Online Event Terminology

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Virtual, live, and in-person… many terms, many meanings. Are we talking about the same thing?

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Probably the following conversation between two colleagues sounds somehow familiar to you.

“Hey, are you going to the XY event next week?”
“Yes, I’m really looking forward to the live sessions.”
“But I thought it was only virtual?”
“Well, it’s online but I mean the live, face-to-face discussion with the speakers…”

If these frequently used terms – live, virtual, online, and face-to-face – are already confusing between association and meeting professionals, how do we make sure that attendees, sponsors, members, volunteers and even boards understand what we are talking about? And how do we effectively market events in the digital age?

Author

Doreen Loeber

Events & Communications Coordinator

doreen-01

Probably the following conversation between two colleagues sounds somehow familiar to you.

“Hey, are you going to the XY event next week?”
“Yes, I’m really looking forward to the live sessions.”
“But I thought it was only virtual?”
“Well, it’s online but I mean the live, face-to-face discussion with the speakers…”

If these frequently used terms – live, virtual, online, and face-to-face – are already confusing between association and meeting professionals, how do we make sure that attendees, sponsors, members, volunteers and even boards understand what we are talking about? And how do we effectively market events in the digital age?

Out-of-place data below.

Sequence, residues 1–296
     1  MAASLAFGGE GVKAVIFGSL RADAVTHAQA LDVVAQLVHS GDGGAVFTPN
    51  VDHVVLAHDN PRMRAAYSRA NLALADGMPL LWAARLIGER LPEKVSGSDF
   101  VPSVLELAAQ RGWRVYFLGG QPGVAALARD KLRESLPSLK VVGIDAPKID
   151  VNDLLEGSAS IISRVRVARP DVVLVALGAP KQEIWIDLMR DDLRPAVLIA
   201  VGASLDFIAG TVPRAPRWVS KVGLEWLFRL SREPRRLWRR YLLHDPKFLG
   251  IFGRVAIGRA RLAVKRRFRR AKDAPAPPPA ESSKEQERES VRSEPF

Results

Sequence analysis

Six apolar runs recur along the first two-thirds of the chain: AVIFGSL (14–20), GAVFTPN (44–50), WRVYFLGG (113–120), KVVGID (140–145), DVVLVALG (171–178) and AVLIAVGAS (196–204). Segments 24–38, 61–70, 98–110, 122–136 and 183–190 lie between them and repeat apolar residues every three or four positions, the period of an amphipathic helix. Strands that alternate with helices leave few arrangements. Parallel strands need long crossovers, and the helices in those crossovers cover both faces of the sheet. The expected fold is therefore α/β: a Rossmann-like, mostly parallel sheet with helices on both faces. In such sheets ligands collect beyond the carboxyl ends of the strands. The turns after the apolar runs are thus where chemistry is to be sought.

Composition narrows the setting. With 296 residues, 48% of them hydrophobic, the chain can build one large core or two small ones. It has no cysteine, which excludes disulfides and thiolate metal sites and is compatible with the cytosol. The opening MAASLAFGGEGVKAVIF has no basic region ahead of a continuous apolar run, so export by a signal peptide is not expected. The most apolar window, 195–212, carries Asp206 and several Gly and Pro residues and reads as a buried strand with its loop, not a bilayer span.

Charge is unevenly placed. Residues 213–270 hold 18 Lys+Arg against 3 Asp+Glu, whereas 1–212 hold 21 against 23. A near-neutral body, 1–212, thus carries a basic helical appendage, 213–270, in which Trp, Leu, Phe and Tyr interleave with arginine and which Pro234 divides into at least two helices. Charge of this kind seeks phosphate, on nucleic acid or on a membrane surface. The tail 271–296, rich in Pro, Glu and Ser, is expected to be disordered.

Author

Doreen Loeber

Events & Communications Coordinator

doreen-01

A common terminology

We need a common terminology to understand each other. The terms we use convey a certain meaning. Of course, this is influenced by the context in which they are used. Therefore, the meaning of a term can change over time or new meanings can be added. When we hear “tweet”, most of us will more likely associate it with social media than with a bird. Just recently, the EU Parliament decided by a vote that “burgers” and “sausages” can also be called this way when they are made of soy or chickpeas. A term can also be used in a broader sense in another language, like “rice” in Chinese is a pars pro toto for a meal in general.

Language and terminology are permanently adapting to the time, environment, and needs of the people who use them. This is of course true for every language. Being the lingua franca of international business, let’s have a closer look at some broadly used English terms around events and meetings that we read and hear every day. How do we use them, and do we all mean the same?

Virtual, digital, and online

Virtual /ˈvɜrtʃuəl/ adjective is generally used in the sense of “almost, but not exactly or in every way” like “the COVID-19 pandemic caused a virtual standstill“. But of course, nowadays it is also used to describe “something that can be done or seen using a computer and therefore without going anywhere” and “not in a real place” unlike a real conference room. The challenge for organizers of virtual events is NOT to understate the value of the content, connections, interactions, and the fact that people are meeting and learning for real – they are just not (physically) in the same room. And certainly not to be confused with riding a rollercoaster using a VR headset that will trick your senses.

Digital /dɪdʒɪtl/ adjective – did you know that this adjective also means doing something with a finger? But of course it also stands for “using or relating to digital signals and computer technology” and widely used in marketing and communication today. When we talk about a “Digital Event” we are describing rather the technical means that will allow us to host the event than where the event is held. The same is true for the term online which means “something is available or done on the internet or something/someone is connected to the internet”.